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Energy markets have baffled observers like never before. While crude oil keeps finding a way to hold on, gas prices have taken an entirely different route. The two commodities have a history of well-oiled movement, with gas prices generally following the broader trends in the oil market. That seems to be over, at least for now. Europe has just registered eighth straight weekly loss in gas prices – which is a first in 15 years.

The LNG market is now believed to be officially in a glut, after a mild winter, and substantially reduced industrial demand from European buyers. China has only recently returned to near full throttle, but the loss from European industrial buyers is too big to keep LNG prices elevated. The LNG storages in Europe are brimming near full capacities.

The real test will be around August-September when most European buyers line up for heavy buying. Much will depend on winter temperatures, as industrial rebound is expected to take longer than earlier expected. Surely, the prices will not remain in single digits as the spot market heats up around that time, but new countries are taking advantage of the current situation, with a few just landing their first ever LNG shipments. This could bring balance to the market, that is otherwise believed to be oversupplied, unless China throws a major surprise in what has so far been a rather lackluster return in the post zero-Covid policy.

In the longer run, the LNG market is shaping up to be a buyers’ market. It was not long ago that buyers were running pillar to post to ink long-term contracts to ensure supply, as spot rates crossed $70/mmbtu and cancellations became a norm. In a 180-degree shift, top LNG sellers are now struggling to sell planned expansion. Qatar will be doubling its production capacity in the next two years, and unlike yesteryears could end up with no more than 25-30 percent of its capacity committed to be sold on contract basis.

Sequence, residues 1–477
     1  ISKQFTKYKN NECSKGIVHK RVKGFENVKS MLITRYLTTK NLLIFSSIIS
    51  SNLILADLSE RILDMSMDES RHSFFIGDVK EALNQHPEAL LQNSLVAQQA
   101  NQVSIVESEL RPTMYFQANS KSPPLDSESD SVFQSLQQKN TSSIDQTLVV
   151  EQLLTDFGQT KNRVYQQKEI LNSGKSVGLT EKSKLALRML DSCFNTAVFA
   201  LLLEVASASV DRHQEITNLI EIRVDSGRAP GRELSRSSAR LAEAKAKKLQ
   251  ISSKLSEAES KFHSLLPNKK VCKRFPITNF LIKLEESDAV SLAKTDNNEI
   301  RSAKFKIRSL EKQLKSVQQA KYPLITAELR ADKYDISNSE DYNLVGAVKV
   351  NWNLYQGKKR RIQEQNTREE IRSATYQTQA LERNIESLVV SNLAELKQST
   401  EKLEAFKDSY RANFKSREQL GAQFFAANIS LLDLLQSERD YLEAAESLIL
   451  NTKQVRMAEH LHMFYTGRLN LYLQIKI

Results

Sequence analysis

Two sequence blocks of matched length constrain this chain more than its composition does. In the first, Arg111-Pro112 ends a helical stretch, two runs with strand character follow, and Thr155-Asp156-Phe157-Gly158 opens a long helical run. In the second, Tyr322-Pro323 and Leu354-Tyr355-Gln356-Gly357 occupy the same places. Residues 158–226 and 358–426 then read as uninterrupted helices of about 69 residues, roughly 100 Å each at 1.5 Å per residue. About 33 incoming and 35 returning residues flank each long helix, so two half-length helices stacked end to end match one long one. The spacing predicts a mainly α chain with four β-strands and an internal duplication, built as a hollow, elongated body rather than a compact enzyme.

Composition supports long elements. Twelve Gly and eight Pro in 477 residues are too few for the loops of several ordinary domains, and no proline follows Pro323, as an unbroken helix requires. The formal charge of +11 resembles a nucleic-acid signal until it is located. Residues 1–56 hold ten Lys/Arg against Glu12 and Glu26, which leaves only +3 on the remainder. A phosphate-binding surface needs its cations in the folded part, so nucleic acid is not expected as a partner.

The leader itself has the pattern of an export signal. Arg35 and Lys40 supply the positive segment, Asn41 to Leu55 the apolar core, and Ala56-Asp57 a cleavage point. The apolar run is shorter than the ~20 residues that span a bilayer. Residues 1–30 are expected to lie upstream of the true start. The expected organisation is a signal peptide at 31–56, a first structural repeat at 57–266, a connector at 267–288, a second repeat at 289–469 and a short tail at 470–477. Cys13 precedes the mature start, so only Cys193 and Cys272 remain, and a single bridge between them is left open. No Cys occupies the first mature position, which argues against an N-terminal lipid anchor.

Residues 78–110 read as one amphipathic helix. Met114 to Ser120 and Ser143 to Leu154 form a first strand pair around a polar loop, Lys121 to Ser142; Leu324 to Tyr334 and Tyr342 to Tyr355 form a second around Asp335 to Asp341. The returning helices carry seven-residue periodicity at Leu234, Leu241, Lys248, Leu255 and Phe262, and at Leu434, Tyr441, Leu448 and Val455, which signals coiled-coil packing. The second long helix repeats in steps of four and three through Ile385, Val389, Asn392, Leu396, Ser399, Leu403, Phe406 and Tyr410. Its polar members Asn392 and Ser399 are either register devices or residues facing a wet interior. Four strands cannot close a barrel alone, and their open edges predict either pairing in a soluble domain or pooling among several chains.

Qatar, soon to be world’s largest LNG producer, aims to lock long-term deals by the end of 2023 – whereas the increased production will not be online before end of 2026. Buyers are looking for LNG now and not necessarily three years down the line, with climate goals in place, especially in Europe. That is why nobody is rushing to sign with Qatar, mostly because of stringent destination clauses in place that restrict reselling of LNG for well over a decade, limiting the buyers’ flexibility to maneuver.

Unless Qatar manages to secure the most ambitious long-term deals in LNG history soon, there will be an enormous amount of LNG in the spot market. For Pakistan, already part of multiple long-term contracts, it is best to sit back and watch how it pans out to strike a balance between contracted and spot supply. Given the LNG market supply is expected to rise by at least a fourth, it would not hurt to follow more prominent buyers instead of entering any strict long-term deal that could backfire in the future.

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